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Borscht Belt Historical Marker Project formally commemorates the Borscht Belt’s vibrant history

August 2023

An enthusiastic crowd gathered in a parkette across from the Post Office in the Hamlet of Mountain Dale, New York, on 13 August, for the dedication of a historical marker commemorating the Borscht Belt. This was the second of several historical marker dedications scheduled to take place this year and in 2024, in this iconic area of eastern New York State.

The Borscht Belt, is the colloquial name of the Catskills area of eastern New York State, that was once populated with resorts and bungalow colonies that served as a summer refuge for Jewish clients from New York City, in an era when Jewish people still faced discrimination elsewhere.  Many prominent comedians of the day got their start performing at the Borscht Belt hotels and bungalow colonies, like Lenny Bruce, Woody Allen, Mel Brooks, Red Buttons, Sid Caesar, Totie Fields, George Burns, Rodney Dangerfield, Henny Youngman and Joan Rivers.

By the late 1960s, cheap airfare, a decline in passenger rail service, more integration and a desire of the younger crowd to travel elsewhere are some of the factors that led to a decline in the popularity for the over 500 hotel resorts and thousands of bungalow colonies that once populated the area.

The Borscht Belt Historical Marker Project is an initiative meant to formally commemorate and tell the story of the Borscht Belt, including its importance in American Jewish history and its impact on things like architecture, music, comedy and sports. As the Borscht Belt Historical Marker Project web site notes, “Our goal is to create a comprehensive marker system and self-guided audio driving tour that traverses the region along with an array of public programming and educational materials.”

The Hamlet of Mountain Dale, a part of the Town of Fallsburg, was chosen as one of the locations for a historical marker due to the town’s distinction of being the geographic centre of the Borscht Belt. During its peak years, from the 1920s to the 1960s, there were 54 hotels and 75 bungalow colonies in the Mountain Dale area.

Today, Mountain Dale is a pastoral small-town that is slowly seeing a revitalization, with new businesses like Forage and Gather, an upscale market and café, Archer & Fern, a jewelry store, High Voltage Catskills restaurant and the Grocery Store Gallery, popping out amongst the once dilapidated buildings and empty storefronts that had dominated the hamlet for many years.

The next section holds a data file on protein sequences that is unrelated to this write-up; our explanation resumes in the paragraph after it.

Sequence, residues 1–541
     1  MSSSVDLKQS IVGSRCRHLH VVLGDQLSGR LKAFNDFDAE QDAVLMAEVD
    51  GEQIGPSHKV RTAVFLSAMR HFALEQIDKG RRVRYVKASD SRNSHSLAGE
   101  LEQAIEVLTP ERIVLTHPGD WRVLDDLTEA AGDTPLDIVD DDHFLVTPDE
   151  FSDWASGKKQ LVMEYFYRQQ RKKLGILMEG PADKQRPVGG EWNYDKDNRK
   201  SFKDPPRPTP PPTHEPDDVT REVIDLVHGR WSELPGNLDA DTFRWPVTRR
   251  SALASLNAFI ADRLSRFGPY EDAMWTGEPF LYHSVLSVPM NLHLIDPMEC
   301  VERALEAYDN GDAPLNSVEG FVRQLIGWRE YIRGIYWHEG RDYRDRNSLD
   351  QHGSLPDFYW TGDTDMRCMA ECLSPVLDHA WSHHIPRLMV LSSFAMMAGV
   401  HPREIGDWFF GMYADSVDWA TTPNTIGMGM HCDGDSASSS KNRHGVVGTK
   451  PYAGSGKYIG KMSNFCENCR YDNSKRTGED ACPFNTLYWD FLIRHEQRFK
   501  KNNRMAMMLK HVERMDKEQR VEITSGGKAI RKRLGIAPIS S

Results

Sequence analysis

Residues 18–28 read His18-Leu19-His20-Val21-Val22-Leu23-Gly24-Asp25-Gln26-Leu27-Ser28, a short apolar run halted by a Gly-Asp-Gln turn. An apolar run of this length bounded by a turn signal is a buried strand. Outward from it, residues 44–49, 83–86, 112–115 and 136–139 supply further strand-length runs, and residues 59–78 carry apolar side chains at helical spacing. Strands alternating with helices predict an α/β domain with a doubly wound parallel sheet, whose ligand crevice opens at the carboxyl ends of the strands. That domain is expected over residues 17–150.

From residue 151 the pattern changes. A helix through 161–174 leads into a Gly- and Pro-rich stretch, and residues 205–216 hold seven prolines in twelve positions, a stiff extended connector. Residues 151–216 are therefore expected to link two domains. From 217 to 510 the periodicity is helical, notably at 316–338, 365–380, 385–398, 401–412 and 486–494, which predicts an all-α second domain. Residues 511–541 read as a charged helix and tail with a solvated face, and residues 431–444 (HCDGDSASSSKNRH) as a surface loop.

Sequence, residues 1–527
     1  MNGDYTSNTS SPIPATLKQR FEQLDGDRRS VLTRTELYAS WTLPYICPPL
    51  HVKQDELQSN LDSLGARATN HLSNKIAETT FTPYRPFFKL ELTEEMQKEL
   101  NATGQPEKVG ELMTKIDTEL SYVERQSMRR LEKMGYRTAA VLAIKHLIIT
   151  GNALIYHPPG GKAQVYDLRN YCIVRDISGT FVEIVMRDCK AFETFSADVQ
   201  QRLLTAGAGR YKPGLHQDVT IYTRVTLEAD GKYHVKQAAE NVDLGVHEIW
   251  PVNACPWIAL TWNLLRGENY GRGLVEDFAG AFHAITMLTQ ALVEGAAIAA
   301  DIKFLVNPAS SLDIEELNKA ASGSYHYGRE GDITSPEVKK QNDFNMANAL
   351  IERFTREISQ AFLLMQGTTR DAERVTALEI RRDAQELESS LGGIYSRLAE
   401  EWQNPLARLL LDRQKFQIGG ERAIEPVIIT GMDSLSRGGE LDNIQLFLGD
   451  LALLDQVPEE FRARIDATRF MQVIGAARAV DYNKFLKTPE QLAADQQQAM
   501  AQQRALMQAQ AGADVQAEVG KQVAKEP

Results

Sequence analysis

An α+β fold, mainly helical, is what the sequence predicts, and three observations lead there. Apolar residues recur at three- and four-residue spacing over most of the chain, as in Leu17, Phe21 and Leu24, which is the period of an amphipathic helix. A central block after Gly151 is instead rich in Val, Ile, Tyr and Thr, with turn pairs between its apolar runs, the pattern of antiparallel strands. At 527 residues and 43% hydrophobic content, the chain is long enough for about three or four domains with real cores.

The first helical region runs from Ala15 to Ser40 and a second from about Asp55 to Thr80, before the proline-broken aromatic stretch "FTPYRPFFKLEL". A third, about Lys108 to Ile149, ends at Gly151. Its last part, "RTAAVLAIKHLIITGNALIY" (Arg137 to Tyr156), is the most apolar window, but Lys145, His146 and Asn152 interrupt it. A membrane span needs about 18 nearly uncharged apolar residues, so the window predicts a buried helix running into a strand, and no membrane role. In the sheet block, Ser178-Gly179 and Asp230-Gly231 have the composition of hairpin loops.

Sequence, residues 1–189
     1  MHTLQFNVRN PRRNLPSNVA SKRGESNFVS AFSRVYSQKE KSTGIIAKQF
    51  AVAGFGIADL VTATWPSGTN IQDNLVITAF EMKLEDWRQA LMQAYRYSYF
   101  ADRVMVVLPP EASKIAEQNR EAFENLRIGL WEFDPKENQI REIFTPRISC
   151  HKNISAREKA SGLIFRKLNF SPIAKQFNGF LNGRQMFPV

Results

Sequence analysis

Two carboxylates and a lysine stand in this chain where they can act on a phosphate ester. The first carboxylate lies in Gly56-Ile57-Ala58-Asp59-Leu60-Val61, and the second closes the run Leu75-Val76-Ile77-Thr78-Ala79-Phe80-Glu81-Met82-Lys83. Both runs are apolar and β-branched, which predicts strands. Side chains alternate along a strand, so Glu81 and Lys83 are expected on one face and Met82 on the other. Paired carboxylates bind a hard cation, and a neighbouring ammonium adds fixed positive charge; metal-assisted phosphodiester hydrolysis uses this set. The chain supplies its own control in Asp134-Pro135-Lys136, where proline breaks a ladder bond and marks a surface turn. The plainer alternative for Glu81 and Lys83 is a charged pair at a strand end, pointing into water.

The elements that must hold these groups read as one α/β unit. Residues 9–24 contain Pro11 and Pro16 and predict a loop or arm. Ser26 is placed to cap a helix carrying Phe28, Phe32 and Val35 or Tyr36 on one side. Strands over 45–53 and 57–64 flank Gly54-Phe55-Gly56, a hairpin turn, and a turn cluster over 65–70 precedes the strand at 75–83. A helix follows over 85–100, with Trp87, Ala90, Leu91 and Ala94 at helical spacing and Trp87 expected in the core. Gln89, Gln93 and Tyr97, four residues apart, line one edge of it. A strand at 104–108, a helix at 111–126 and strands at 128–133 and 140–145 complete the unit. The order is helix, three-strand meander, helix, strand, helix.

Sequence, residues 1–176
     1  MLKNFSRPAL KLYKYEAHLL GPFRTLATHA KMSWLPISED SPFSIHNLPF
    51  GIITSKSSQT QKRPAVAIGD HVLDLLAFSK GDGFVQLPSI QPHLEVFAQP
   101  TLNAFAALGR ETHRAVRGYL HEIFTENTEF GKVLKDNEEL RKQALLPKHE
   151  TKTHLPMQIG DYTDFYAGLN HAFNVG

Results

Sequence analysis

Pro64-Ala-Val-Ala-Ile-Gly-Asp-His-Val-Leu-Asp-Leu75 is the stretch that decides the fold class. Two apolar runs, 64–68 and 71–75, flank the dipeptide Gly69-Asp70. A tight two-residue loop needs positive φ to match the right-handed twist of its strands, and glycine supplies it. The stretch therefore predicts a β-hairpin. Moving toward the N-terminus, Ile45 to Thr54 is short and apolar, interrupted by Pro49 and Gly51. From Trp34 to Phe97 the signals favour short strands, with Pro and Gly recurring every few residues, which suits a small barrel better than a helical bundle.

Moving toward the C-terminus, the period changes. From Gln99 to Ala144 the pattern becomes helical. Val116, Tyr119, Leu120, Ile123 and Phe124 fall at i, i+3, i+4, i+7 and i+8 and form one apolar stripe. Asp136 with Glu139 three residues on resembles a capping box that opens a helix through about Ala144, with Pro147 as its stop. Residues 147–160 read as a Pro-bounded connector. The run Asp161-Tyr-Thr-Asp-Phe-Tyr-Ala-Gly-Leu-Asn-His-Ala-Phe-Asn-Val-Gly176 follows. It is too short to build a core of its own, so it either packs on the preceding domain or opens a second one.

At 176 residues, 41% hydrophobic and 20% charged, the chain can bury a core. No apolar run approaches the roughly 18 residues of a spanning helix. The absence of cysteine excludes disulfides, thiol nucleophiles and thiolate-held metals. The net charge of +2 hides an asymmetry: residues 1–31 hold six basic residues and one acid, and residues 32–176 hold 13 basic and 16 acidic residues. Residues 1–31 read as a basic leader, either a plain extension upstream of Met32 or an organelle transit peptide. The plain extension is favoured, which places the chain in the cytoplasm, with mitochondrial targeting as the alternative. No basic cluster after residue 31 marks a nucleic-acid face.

The Borscht Belt Historical Marker Project is headed up by Marisa Scheinfeld, a Brooklyn, NY-born photographer and author, who was raised in the Catskills during the last two decades of the 20th Century, when it was all fading away. The goal is to create a self-guided audio driving tour, using historical markers in selected locations throughout Sullivan County, along with an assortment of related exhibitions, film screenings, comedic and musical events.

After the dedication ceremony, all were invited to the nearby Grocery Store Gallery, to take in a photo exhibition of photographs by Scheinfeld and Isaac Jeffreys, a New York City-based photographer and the project’s visual coordinator. Called “Day and Night: Return to the Borscht Belt,” the exhibition featured photos taken by Scheinfeld that appeared in her book, all of which were taken during the day, and photos by Jefferys, all of which were taken at night, using creative lighting to create the illusion that the abandoned hotels were still open and serving guests.

Though these historical markers, Scheinfeld is hoping to provide insight into the history and impact of the resorts on the county and country by highlighting the resorts, hotels, and bungalow colonies that once populated this region. Each marker is 30 inches high and 42 inches wide, and features a QR code that links to further information about the site and guides visitors to other nearby attractions.

The goal right now is to have 20 markers set up on public land at various locations throughout Sullivan and Ulster Counties. Scheinfeld hopes by having the historical markers on public lands will make them easily accessible and attract foot traffic from residents and tourists, who will not only take in the markers, but also support the local business, shopping and restaurants.